That answer demonstrates why Clinton is trailing in the polls. She can't give a straight answer — for her life. If Clinton didn't mind getting the first question, then why did she bring it up? Clinton continued, "You know, I'll be happy to field them, but I do find it curious, and if anybody saw 'Saturday Night Live,' you know, maybe we should ask Barack (Obama) if he's comfortable and needs another pillow. I just find it kind of curious that I keep getting the first question on all these issues. But I'm happy to answer it."


Funny. Clinton didn't seem happy. In those few lines, Clinton instead came across as the passive-aggressive candidate. And she complained about the opportunity to answer first and set the tone of debates.


Later, when MSNBC's Brian Williams asked Clinton about a stump speech in which she took on Barack Obama as a grand-talking candidate, Clinton demurred. "Well, I was having a little fun," Clinton responded. "You know, it's hard to find time to have fun on the campaign trail, but occasionally you can sneak that in."


Just having fun? Come on. If you want voters to think Obama is all-talk, no-delivery, you have to be willing to say as much yourself. Be a man. Or the female equivalent.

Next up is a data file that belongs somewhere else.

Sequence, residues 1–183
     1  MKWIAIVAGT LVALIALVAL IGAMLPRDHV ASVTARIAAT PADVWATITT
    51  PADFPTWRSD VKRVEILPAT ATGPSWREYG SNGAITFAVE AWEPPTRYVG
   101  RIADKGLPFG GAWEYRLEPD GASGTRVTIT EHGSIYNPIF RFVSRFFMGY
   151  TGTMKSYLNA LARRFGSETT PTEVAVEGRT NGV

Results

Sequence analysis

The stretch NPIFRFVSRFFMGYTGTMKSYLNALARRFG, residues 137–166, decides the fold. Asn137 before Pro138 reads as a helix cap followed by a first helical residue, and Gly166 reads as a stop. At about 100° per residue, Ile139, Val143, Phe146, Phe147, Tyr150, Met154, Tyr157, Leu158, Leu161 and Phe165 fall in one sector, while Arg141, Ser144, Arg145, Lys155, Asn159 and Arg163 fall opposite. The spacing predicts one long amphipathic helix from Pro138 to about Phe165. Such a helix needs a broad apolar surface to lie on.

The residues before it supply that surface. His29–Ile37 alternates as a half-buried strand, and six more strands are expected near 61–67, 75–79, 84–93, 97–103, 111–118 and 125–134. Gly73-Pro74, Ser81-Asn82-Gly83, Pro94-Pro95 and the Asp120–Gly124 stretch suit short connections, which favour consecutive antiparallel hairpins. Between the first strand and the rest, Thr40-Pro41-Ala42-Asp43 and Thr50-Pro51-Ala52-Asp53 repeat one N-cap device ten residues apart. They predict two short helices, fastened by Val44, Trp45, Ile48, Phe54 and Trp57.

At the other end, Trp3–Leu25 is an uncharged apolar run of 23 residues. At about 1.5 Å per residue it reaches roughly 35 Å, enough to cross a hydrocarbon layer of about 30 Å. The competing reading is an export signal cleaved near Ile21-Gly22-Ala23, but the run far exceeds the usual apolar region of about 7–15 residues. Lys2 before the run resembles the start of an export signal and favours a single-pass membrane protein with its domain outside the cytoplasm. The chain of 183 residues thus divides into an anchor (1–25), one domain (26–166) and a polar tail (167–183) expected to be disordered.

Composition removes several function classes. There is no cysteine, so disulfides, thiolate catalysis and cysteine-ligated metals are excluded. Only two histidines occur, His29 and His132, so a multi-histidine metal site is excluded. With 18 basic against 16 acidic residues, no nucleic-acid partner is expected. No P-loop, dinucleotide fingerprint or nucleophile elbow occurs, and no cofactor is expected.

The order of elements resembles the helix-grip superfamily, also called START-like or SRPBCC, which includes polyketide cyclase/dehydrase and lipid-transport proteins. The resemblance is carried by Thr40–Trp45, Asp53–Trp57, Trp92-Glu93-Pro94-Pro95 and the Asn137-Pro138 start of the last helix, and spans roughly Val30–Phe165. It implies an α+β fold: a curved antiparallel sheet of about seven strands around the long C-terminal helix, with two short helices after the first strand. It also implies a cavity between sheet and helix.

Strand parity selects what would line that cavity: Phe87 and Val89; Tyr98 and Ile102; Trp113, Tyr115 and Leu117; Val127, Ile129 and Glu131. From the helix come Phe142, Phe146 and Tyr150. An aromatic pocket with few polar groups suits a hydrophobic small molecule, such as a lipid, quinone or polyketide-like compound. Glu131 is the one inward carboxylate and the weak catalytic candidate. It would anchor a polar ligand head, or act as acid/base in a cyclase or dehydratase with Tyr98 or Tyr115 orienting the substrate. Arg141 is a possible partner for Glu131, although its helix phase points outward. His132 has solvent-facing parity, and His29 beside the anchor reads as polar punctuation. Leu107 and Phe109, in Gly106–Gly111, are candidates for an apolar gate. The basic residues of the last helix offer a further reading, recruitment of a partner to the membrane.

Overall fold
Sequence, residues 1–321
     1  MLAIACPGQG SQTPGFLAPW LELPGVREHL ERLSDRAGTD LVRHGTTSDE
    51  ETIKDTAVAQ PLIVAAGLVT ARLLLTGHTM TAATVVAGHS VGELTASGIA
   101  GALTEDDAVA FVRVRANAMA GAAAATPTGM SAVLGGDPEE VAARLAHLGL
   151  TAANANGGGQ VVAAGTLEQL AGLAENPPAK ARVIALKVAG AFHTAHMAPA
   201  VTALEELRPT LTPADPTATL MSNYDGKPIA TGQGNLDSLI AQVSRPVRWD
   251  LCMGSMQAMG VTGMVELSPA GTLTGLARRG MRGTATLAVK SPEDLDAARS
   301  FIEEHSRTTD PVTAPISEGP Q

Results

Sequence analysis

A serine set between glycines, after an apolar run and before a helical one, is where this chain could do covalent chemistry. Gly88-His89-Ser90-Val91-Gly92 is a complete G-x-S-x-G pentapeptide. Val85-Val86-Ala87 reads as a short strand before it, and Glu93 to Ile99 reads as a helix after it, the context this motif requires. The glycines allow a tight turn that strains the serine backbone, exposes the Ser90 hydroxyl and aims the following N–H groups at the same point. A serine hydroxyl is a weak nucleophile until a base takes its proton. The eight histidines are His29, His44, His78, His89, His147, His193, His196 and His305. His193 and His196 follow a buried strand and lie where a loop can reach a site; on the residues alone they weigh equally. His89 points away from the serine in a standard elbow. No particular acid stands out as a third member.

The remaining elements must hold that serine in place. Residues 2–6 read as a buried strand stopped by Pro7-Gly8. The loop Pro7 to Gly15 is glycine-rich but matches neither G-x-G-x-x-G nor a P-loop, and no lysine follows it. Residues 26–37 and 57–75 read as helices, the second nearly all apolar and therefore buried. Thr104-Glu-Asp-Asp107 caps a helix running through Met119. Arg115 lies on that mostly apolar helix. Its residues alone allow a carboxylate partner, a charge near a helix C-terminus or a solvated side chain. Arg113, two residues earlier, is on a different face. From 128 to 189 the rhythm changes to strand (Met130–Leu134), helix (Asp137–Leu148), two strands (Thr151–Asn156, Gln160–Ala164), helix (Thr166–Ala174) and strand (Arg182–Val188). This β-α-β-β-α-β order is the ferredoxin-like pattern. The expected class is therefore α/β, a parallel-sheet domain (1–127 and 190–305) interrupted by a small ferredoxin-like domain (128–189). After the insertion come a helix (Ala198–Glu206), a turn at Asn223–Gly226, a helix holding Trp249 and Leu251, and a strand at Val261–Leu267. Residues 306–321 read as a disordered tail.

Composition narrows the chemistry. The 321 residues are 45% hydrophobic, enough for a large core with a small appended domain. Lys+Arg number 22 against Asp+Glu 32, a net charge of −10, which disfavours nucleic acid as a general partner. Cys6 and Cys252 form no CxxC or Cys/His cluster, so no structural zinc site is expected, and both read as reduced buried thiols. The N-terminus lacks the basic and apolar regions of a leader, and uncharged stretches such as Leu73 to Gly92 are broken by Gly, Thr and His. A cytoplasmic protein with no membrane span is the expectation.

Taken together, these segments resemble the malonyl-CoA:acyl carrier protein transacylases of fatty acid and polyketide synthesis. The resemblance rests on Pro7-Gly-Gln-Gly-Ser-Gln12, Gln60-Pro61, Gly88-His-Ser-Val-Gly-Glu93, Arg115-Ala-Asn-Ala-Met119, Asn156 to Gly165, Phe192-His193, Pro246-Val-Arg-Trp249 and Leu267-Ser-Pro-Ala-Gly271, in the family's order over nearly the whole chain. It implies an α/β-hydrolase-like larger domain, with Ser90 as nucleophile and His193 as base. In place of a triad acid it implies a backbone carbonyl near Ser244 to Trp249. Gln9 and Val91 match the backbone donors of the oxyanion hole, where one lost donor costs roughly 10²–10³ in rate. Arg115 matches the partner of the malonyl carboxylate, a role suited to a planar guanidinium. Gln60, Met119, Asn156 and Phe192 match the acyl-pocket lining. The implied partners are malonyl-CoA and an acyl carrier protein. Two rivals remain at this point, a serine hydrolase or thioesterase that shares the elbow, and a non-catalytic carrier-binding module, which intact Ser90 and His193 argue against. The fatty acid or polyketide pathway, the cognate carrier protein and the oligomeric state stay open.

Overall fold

Williams also asked Clinton if she thought Obama was "qualified to be commander in chief," and Clinton would not say Obama was not qualified. She would only say that she was qualified.


Four years ago, Democrats argued that a presidential candidate should have military experience. They argued that Vietnam combat veteran John Kerry would make a better commander in chief because Bush only served in the Air National Guard. Now the Democrats are about to nominate a candidate with absolutely no military experience — and it doesn't matter.


One thing the debate did not do was clarify what either Democrat will do about Iraq. Both say that they immediately would begin withdrawing troops from Iraq, but you have to listen carefully to understand that neither is talking about a complete withdrawal, which many Democrats want.


Obama's plan for "immediate" withdrawal of U.S. troops calls for keeping a "residual force" in Iraq to protect diplomatic and military personnel in Iraq and "continue striking at al-Qaida in Iraq." How many troops does that mean? He doesn't say.


Clinton has said, "If this president does not get us out of Iraq, when I am president, I will." But like Obama, she would leave troops in Iraq.


MSNBC's Tim Russert asked Obama and Clinton what they would do if the Iraq government, angry at the limited troop withdrawal, told Washington to pull all U.S. troops out of Iraq. Russert should have asked what the Dems would do if insurgents decimated residual forces that had trouble defending themselves because they lacked the numbers to fight back. And isn't limited engagement the Rumsfeld strategy that Democrats attacked before the 2006 election?


Answers to those questions might get the attention of those who think that a vote for Obama — who opposed the war when Clinton voted for it in 2002 — is a vote to end the war. When it isn't. In that, Barack Obama has something in common with Hillary Clinton.

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© 2007, Creators Syndicate